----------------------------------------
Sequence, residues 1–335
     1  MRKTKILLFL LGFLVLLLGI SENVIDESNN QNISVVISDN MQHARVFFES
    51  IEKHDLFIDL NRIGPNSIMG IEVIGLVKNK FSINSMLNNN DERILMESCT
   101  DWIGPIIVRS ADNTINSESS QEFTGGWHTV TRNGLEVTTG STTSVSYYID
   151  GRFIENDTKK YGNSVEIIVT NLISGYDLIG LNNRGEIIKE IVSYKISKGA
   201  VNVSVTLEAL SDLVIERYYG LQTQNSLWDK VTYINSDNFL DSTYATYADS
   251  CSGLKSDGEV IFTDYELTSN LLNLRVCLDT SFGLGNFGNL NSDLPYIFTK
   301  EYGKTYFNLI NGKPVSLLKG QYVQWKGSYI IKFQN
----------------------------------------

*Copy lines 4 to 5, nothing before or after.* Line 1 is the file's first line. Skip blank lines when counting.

   101  DWIGPIIVRS ADNTINSESS QEFTGGWHTV TRNGLEVTTG STTSVSYYID
   151  GRFIENDTKK YGNSVEIIVT NLISGYDLIG LNNRGEIIKE IVSYKISKGA